The phrase “shingle blow-off” conjures images of bald, stripped-off roofing. But in reality, it’s a lot less subtle, at least, visually: in either case, shingle blow-off is something that shouldn’t be ignored. In this blog, the roofing and siding contractors at Silver Leaf Contracting discuss what causes shingle blow-offs, and how to best address it.
Causes of Shingle Blow-Off
Shingle blow-offs happens when high winds tear shingles off the roof. Since asphalt shingles are installed with overlapping pieces, they can be torn off from the edges. There’s a misconception that blow-offs only happen to old roofs; but the truth is, this can happen to any shingle roof. The following are some of the reasons why even moderate winds can cause shingle blow-offs:
- Incorrect Fastener Patterns — Asphalt shingles need to have properly-installed fasteners. Place them too high and they catch the shingle underneath; place them too low and the fasteners would be exposed to water infiltration, as well as tear-offs. Today’s asphalt shingles are marked with narrow strips that indicate where the fasteners should be, and only inexperienced, untrained installers wouldn’t know how to use these markers.
- Too Much Overhang — The roof’s edge is especially susceptible to high winds, which means a roofing installer needs to make sure the overhang is exactly what the manufacturer requires. Too much overhang gives wind a stronger grip that could tear this part off. Most metal roof companies avoid blow-offs by crimping the drip edge with the sheet metal roofing.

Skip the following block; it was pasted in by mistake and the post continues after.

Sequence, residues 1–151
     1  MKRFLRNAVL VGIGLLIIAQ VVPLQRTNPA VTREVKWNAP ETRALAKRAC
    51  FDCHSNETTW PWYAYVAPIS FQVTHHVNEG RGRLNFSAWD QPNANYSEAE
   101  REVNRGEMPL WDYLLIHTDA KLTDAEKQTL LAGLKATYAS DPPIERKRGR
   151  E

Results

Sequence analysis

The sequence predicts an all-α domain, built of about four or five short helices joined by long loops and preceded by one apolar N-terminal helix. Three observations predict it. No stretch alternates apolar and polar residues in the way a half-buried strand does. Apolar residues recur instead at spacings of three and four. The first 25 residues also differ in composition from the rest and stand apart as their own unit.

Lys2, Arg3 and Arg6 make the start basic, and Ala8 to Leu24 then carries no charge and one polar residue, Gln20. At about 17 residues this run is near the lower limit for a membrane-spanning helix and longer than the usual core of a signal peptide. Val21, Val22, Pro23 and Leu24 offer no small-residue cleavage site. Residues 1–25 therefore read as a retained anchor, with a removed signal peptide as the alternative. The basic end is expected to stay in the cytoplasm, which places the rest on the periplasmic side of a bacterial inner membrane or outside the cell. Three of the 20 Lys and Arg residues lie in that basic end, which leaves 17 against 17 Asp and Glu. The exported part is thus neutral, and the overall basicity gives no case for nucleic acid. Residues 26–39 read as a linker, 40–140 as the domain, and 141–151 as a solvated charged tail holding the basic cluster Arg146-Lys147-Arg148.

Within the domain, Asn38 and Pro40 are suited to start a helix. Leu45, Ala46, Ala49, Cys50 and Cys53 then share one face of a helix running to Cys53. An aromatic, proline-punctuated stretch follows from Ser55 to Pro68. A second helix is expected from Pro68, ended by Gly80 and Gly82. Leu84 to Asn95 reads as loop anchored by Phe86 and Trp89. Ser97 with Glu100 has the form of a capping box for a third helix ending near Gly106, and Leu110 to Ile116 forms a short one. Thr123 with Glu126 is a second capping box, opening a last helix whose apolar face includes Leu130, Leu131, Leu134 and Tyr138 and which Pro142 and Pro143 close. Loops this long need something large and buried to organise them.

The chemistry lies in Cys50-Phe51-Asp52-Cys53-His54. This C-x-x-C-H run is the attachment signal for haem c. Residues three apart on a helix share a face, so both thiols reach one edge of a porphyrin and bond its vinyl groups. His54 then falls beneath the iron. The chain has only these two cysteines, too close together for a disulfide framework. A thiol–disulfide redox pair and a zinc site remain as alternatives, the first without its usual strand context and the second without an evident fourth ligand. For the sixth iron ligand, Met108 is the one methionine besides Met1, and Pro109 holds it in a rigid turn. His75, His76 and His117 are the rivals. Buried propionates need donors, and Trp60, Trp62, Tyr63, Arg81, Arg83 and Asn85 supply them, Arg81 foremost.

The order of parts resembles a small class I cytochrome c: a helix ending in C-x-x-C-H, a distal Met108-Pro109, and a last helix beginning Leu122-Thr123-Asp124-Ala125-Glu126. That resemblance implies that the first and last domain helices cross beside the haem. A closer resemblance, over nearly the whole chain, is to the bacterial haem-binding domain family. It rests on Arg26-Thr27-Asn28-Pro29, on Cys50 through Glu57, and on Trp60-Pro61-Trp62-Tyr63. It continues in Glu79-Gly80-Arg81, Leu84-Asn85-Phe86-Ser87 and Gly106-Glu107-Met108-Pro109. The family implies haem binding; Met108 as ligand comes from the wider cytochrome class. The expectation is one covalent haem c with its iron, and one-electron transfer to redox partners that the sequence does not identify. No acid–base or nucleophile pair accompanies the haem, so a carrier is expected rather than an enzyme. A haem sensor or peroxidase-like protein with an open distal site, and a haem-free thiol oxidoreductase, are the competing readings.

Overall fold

- Old Roofing — As the roof gets older, the fasteners and adhesive gradually lose their grip, to the point where the shingles can easily get blown off by moderate winds.
How to Address Shingle Blow-Off
As with most other roofing problems, the best way to avoid them is to invest in a quality roofing system. Roofing systems with high wind ratings, some of which are warranted to resist up to Category 4 hurricanes. These roofs typically feature shingle with adhesive backing at the edges, as well as one-piece starter strips. Also, don’t count out other roofing systems: metal roofing, along with slate and tile, are rated for exceptional wind resistance, either by design or by natural weight.
But what if your roof isn’t up for replacement yet? Fortunately, torn-off asphalt shingles can be repaired, the success of which depends on a few conditions. Ideally, your roofing contractor would be able to source replacement shingles that match. Many homeowners anticipate this by ordering excess shingles during installation. Barring that, there may be similar styles that will easily slot in, but the difference in color may be too obvious.
The roofer should also have the proper training to repair and replace the particular roofing system installed on your home. If your roof is a manufacturer-designed roofing system, the best way to go about with repairs is to hire a roofer that’s certified by the same manufacturer.